The Perpetual Three-Dot Column
The Perpetual Three-Dot Column
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by Jesse Walker

Tuesday, March 09, 2010
Rebels on the Air by remarking that "the more sources you have, the more they contradict one another. After a while, the parts of your book that seem the most solid are the ones you feel least confident about. Somewhere out there, you tell yourself, are all the witnesses to history that you couldn't find, and once your book appears, they'll write to tell you everything you got wrong." I then provided my email address so they could do precisely that.

One of them just wrote me. Chris Albertson is a well-known journalist, music historian, record producer, and broadcaster who has a cameo during my discussion of Chris Koch's mid-'60s reports from North Vietnam for New York's Pacifica outlet:
So now Koch was traveling illegally to Vietnam and making reports that were bound to anger the government. Several board members got mad, both at the programs themselves and at the fact that they had not been forewarned of (and, presumably, given a chance to veto) Koch's unlawful sojourn. Some wanted to edit out parts of Koch's programs. Louis Schweitzer -- the station's landlord as well as its former owner, and a major donor as well -- cast his lot with the censors. So did the station manager, a nervous Chris Albertson. Koch refused to soften his shows and eventually walked out, taking at least five more staffers with him. A lot of angry listeners cancelled their subcriptions, too. When the dust cleared, Albertson was out and most of the staff were back.
I tried to reach Albertson for an interview when I was researching Rebels but I came up short. I wish I'd kept trying, because he takes issue with several statements in that paragraph. According to Albertson,
• "None of the board members 'got mad' at the programs, only at the underhanded way in which Chris Koch made the trip (alleging to be vacationing in Paris) and at the jeopardy in which he put the station, not to mention Pacifica itself."

• No one suggested censoring the reports. The only change was a minor one made by Koch himself, "without any pressure or suggestion from me, Lou Schweitzer, or the board." Schweitzer, Albertson adds, was deeply opposed to censorship: "This was a Jew who rented a hall for George Lincoln Rockwell to hold a Nazi rally, when he read that no one would."

• "Chris Koch did resign, but no staffers left with him."
By Albertson's account, the subscription cancellations were "generated by the distortions Chris spread" about Albertson and Schweitzer. He also speculates that "some of your mis-information came from Steve Post," a freeform DJ who "wasted no time in taking advantage of the vacuum that arose in my wake."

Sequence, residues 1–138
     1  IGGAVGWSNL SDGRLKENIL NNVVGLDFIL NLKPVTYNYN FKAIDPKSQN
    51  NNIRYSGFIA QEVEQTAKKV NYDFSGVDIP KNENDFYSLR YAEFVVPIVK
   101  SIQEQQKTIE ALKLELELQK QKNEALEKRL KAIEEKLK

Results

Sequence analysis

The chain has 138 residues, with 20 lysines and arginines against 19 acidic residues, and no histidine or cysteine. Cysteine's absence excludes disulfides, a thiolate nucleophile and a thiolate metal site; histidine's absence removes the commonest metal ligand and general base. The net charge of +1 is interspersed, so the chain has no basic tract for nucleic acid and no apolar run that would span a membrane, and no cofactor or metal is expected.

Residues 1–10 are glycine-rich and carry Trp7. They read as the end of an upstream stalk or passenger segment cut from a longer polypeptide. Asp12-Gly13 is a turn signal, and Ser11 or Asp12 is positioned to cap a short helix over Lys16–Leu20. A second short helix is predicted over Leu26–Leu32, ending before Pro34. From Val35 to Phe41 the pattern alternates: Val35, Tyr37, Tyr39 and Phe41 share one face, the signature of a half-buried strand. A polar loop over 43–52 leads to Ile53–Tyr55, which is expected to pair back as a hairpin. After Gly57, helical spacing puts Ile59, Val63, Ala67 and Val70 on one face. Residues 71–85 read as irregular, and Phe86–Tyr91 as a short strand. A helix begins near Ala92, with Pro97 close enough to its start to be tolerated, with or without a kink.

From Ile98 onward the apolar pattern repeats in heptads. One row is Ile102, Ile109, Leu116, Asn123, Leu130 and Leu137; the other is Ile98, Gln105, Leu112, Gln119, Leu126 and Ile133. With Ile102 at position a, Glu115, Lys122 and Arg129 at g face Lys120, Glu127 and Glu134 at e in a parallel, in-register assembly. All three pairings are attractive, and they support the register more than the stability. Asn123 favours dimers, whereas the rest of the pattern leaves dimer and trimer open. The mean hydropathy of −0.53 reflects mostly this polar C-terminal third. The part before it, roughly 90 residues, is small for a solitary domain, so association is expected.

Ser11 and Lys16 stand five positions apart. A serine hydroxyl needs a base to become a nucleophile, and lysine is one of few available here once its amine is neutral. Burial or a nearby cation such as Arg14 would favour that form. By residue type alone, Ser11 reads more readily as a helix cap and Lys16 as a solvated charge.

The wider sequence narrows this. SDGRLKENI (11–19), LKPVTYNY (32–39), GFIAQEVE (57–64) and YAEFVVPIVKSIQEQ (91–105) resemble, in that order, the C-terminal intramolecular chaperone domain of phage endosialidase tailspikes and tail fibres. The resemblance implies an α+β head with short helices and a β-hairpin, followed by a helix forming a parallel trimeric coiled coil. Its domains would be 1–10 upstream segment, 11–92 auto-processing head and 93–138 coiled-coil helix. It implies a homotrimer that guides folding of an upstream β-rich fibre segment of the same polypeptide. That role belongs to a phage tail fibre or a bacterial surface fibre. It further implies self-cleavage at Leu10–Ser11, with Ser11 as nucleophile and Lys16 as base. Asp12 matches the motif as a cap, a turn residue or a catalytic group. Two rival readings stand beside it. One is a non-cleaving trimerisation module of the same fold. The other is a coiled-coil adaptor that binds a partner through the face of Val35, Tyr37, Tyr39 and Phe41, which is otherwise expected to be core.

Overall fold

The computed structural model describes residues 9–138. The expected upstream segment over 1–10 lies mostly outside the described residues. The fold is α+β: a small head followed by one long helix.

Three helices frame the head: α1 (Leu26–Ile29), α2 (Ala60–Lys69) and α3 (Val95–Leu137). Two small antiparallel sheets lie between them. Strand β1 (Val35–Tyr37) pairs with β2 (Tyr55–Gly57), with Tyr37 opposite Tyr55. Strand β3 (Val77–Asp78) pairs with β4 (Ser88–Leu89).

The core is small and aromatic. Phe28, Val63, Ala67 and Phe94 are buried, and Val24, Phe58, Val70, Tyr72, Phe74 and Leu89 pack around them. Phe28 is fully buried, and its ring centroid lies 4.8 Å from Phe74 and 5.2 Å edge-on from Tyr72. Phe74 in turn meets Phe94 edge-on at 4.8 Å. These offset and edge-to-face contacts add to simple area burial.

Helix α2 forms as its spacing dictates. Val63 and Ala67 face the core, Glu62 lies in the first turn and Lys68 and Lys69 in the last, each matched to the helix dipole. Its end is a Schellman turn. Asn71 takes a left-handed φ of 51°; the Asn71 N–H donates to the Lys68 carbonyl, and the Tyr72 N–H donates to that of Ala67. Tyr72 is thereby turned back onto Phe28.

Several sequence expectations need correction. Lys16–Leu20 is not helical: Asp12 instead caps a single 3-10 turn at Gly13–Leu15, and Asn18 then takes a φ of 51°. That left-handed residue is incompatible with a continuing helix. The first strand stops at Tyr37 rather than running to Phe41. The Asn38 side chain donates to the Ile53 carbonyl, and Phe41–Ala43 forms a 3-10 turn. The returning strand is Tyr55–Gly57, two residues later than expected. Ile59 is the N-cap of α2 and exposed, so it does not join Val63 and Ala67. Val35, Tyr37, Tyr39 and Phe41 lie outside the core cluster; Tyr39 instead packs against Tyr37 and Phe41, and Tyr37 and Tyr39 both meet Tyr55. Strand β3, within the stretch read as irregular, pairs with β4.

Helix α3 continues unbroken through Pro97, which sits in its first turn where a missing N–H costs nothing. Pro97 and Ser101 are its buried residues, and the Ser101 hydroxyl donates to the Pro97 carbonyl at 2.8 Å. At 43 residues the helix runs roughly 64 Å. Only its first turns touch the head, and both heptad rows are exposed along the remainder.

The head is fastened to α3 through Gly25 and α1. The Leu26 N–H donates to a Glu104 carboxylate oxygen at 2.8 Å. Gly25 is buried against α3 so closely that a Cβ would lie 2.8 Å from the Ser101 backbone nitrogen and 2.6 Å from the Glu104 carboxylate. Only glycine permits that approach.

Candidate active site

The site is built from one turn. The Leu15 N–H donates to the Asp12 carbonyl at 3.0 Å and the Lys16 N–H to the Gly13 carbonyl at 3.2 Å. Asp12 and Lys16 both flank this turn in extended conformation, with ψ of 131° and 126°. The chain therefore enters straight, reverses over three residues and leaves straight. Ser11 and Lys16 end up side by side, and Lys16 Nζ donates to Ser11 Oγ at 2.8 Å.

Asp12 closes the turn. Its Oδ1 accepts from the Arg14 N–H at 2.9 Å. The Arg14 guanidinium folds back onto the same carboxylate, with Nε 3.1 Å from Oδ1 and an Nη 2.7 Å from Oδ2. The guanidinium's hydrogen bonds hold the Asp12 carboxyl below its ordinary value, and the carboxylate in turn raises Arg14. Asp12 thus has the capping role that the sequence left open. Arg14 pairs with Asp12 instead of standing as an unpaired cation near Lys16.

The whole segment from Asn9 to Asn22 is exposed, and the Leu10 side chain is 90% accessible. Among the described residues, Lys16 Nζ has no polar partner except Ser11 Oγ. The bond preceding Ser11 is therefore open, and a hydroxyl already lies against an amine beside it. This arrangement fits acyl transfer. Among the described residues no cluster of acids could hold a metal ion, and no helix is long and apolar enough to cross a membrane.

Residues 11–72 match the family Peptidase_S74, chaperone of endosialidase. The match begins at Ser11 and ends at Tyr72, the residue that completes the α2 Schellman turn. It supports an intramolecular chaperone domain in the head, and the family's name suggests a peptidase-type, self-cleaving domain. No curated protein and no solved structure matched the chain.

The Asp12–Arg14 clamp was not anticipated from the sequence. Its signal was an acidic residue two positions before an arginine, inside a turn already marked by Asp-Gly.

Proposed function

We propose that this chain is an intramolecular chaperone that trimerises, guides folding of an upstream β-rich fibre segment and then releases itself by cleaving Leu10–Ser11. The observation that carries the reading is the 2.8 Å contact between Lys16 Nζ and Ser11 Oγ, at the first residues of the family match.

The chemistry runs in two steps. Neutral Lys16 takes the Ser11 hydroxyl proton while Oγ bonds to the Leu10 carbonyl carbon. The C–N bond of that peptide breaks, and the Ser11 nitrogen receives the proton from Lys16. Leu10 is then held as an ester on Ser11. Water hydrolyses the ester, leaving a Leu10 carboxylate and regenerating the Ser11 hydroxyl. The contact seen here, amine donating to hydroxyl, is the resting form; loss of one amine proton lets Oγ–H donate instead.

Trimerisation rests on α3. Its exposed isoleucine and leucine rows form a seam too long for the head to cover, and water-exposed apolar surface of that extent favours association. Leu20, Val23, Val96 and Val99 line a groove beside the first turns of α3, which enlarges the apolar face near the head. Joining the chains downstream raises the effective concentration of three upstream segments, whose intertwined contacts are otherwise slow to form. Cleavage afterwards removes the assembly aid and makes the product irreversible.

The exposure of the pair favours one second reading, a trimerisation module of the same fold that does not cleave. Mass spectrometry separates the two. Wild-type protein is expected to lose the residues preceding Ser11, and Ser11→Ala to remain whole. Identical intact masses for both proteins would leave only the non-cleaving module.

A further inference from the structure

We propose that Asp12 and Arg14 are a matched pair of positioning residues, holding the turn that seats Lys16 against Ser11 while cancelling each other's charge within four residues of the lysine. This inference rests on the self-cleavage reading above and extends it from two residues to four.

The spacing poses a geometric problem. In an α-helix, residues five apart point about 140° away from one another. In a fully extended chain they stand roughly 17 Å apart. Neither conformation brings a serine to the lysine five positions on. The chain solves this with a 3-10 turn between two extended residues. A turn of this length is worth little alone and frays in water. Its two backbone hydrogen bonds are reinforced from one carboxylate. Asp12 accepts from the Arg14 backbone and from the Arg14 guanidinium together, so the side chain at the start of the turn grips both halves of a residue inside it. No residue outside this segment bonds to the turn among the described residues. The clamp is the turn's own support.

In the interests of maximum transparency, here are the chief sources from which I drew the disputed points:
• The claim that board members were angry at the programs' content appears in Koch's 1968 essay "Pacifica" and in Post's book Playing in the FM Band.

• The claim that management wanted to censor the reports appears in Koch's essay, in Post's book, and in David Armstrong's history of alternative media, A Trumpet to Arms, which relied on a 1965 article in The National Guardian. (Since my book appeared, the assertion also surfaced in Matthew Lasar's Uneasy Listening, which says the board members "demanded over 100 changes in the narrative." His sources are Koch and a 1986 article in The Village Voice.) The allegations about Schweitzer appeared in Armstrong's book.

• All of the above sources state that several staffers resigned in protest when Koch left the station. Post claims that nearly half the staff departed. (I haven't been able to track down where I found the low-end estimate of five exits. If I come across it I'll post an update.)
At this point, without having done any additional reporting, I can't say which version of events is more accurate. But I should add that while putting this post together I came across a source that endorses some of Albertson's story. The Radio Waves Unnameable, Jay Sand's dissertation on the pioneer broadcaster Bob Fass, includes a short discussion of the Koch kerfuffle. Sand's chief source is Post, so his account mostly mirrors mine, but he also interviewed Koch's colleague Dale Minor, who offered a different point of view:
As Minor recalls, the debate centered on the fact that Koch had not informed the Board of Directors of his daring mission; the content of his reports, according to Minor, was irrelevant.
I drew on Sand's thesis a little later in the book, while discussing Fass' work with the Yippies. If I'd been on the ball I would have remembered what he had to say about Koch, and followed up on it. Mea culpa.

posted by Jesse 12:15 PM
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